Introducing Wes Muir, Director, Communications, Waste Management, Inc.: On "Single Stream Recycling"

Please welcome Wes Muir, Director of Communications for Waste Management, Inc. Wes will be joining us for a series of guest posts over coming months, delving into his firm's projects and explaining recycling trends. With America Recycles Day on November 15th, Wes chose, as his first topic, a recycling approach which has been gathering momentum in communities as well as in businesses across the country - single stream recycling.

"In 2007, it’s safe to say virtually everyone agrees recycling is good for our communities and environment. Nonetheless, recycling logistics can be a real challenge and recycling rates are far below what they could and should be. Meanwhile, the demand for consumer products with recycled-content is ever-increasing while supplies of raw materials are declining. Effective recycling of our waste will become central in our efforts to make society more sustainable over the coming years. As we celebrate America Recycles Day on Thursday, November 15th, it’s a great time for Americans to reflect on the impact our individual efforts can have on the drive toward a more sustainable future. Traditionally viewed as an add-on to existing waste collection services, an increasing number of American municipalities and businesses are beginning to recognize that recycling should be a core focus of waste resource management, with garbage constituting what cannot be recycled. Progressive cities and companies are taking the lead by developing innovative ways to maximize the amount of recyclables they reclaim from their waste.

One way by which communities and businesses can rapidly and dramatically increase their recycling rates is by switching to Single Stream recycling programs. These programs, pioneered by Waste Management and refined over the past decade, can provide the high-quality recovered materials demanded by manufacturers while streamlining collection and transportation of waste.

Single Stream recycling simplifies the whole process by allowing customers to deposit recyclable paper, plastic, glass, steel and aluminum materials into a single container for collection. Single containers allow conventional collection trucks to collect all recyclables, rather than requiring multiple specialized vehicles. At the recycling center, the mixed recyclable stream is processed into sorted recyclable materials.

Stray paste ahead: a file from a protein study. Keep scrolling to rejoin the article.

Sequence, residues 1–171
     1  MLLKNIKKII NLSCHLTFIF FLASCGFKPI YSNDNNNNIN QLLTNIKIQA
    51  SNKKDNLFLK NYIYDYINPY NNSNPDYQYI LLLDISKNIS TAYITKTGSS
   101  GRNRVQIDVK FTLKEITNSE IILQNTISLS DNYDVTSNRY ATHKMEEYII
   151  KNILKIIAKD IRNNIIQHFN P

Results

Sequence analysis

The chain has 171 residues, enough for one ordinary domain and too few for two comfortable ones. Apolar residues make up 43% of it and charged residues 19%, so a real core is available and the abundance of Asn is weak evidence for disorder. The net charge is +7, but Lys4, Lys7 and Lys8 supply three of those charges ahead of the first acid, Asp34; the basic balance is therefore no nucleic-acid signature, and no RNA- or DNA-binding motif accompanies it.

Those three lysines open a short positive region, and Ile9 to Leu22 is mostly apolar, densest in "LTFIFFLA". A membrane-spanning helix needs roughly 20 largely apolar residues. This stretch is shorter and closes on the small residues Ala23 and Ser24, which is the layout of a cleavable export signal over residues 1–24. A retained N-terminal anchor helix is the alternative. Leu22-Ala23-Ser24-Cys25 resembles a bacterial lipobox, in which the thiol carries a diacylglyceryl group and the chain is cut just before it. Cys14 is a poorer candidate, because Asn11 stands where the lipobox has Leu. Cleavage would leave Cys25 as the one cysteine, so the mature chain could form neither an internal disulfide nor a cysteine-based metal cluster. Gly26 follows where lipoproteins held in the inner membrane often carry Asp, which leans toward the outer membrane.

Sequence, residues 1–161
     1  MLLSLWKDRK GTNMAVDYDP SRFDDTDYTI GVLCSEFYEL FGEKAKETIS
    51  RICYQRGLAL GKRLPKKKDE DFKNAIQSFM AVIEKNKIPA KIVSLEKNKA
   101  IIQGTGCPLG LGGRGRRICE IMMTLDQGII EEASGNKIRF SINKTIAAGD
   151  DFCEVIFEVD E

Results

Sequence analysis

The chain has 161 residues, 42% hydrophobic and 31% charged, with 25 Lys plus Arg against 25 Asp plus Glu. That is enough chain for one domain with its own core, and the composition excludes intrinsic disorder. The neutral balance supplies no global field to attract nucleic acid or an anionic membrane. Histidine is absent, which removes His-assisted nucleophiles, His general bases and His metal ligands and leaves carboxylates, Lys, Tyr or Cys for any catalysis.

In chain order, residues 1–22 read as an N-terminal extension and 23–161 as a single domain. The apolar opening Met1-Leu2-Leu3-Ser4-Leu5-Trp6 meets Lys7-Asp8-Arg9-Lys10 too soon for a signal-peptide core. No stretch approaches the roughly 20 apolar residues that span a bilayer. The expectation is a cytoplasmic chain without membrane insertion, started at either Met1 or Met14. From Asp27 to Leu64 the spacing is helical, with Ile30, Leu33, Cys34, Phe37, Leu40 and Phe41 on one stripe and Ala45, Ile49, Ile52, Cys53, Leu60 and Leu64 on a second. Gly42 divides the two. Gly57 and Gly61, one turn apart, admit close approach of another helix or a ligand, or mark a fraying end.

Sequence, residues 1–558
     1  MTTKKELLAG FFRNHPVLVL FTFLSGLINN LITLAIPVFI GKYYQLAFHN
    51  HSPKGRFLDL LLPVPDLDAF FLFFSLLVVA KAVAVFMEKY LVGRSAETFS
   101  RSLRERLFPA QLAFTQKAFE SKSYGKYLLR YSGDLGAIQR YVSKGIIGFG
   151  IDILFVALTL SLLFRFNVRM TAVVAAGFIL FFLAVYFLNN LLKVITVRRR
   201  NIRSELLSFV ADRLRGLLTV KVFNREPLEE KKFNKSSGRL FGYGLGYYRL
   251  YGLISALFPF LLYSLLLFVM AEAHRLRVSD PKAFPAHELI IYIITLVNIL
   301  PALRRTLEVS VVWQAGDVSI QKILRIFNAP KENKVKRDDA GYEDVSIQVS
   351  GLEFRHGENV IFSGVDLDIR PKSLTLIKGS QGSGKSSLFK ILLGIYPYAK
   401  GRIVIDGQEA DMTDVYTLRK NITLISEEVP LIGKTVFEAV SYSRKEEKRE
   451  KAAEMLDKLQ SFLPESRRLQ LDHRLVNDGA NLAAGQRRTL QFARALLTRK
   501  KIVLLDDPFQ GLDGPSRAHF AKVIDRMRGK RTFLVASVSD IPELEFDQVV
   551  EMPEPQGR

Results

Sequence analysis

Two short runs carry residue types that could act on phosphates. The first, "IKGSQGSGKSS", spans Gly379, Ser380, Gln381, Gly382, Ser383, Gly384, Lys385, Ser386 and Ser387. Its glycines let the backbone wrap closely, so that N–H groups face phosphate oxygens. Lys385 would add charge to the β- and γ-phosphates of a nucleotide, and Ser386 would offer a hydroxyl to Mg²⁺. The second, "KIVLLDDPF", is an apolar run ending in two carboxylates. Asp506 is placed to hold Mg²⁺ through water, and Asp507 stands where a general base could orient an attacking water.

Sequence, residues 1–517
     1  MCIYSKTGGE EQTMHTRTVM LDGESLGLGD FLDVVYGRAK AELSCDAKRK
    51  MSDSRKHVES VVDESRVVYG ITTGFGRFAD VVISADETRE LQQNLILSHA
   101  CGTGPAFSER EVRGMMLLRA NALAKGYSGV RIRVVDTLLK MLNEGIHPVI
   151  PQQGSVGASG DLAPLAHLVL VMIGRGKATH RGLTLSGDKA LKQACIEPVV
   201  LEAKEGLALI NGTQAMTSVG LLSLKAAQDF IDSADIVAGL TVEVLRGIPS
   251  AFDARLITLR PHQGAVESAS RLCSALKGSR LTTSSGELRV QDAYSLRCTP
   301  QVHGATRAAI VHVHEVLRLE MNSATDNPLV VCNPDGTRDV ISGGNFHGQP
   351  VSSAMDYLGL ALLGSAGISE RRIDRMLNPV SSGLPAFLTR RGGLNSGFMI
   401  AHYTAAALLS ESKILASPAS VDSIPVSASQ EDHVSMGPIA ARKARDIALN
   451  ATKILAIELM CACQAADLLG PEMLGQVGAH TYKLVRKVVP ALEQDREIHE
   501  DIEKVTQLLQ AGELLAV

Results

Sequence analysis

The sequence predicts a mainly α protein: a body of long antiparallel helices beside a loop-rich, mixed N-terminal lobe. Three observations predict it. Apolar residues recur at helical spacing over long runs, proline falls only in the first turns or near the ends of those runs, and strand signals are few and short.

More than 500 municipalities have already instituted Single Stream recycling collection programs. Switching to Single Stream collection offers a number of benefits to local governments, including increasing the volume of recovered materials, boosting the diversion rate from local landfills, and reducing collection costs. The City of Denver switched to an automated Single Stream recycling system and the city’s recycling rates went up by nearly 42%.

In the past, legitimate reservations about the quality of materials recovered through Single Stream recycling fueled skepticism among mills and manufacturers. However, technological developments have facilitated higher quality recycled products while maintaining the efficiency and high-load capabilities of Single Stream recycling. Readily available, high-quality recyclables result in cheaper, higher quality products made from recycled materials, which in turn inspires consumer confidence.

As the leading recycler in North America, one third of our current portfolio of recycling facilities nationwide uses Single Stream technology. From 2002 to 2006, the volume of material processed in our Single Stream recycling facilities nearly tripled, from about 722,000 tons in 2002 to more than 2 million tons in 2006. We recently announced that we plan to triple the amount of materials we recycle by 2020 and Single Stream technology will play an important part in achieving that goal.

The waste disposal and recovery cycle involves multiple participants, all of whom have an interest in recovering as much as possible from what we throw away. The success of recycling programs depends not only on efficient collection and effective processing, but also ultimately on the willingness of consumers to participate and buy products manufactured from recycled goods. Meanwhile, forward-thinking businesses and cities are taking the lead by switching to Single Stream recycling to simplify the process in the home and at the curbside, and that’s a huge step in the right direction."

Wes Muir is the Director of Corporate Communications for Waste Management, Inc.

Wes Muir
Director of Communications
Waste Management
713 328 7053 (P)
905 633 3940 (P)
905 483 3099 (M)

See also: Jasmin's sequential interview posts with Waste Management CEO, David Steiner, here, and here. Lloyd's post on America Recycles is here.

Please be sure to leave your suggestions and questions here for Wes. We're looking forward to learning more from him.

Image credit:: Waste Management, Inc.

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